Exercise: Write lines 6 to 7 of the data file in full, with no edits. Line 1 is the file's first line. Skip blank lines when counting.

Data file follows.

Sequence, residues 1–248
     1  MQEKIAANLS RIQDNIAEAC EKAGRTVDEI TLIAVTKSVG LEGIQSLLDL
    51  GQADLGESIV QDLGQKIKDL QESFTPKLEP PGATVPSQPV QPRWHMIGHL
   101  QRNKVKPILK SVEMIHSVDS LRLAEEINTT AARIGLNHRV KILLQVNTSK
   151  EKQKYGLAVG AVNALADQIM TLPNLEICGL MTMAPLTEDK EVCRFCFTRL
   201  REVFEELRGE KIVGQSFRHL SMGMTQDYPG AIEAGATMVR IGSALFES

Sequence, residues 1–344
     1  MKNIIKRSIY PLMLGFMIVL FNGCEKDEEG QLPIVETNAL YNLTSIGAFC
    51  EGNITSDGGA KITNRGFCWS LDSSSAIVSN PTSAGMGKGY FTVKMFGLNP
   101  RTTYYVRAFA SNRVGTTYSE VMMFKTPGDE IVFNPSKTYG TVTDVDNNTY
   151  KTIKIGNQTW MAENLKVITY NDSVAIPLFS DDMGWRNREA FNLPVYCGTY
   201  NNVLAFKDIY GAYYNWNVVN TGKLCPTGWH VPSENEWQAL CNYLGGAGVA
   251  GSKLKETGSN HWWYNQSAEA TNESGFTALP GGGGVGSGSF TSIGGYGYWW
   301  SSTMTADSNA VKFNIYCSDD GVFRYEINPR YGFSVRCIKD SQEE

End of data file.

   201  REVFEELRGE KIVGQSFRHL SMGMTQDYPG AIEAGATMVR IGSALFES

Sequence, residues 1–344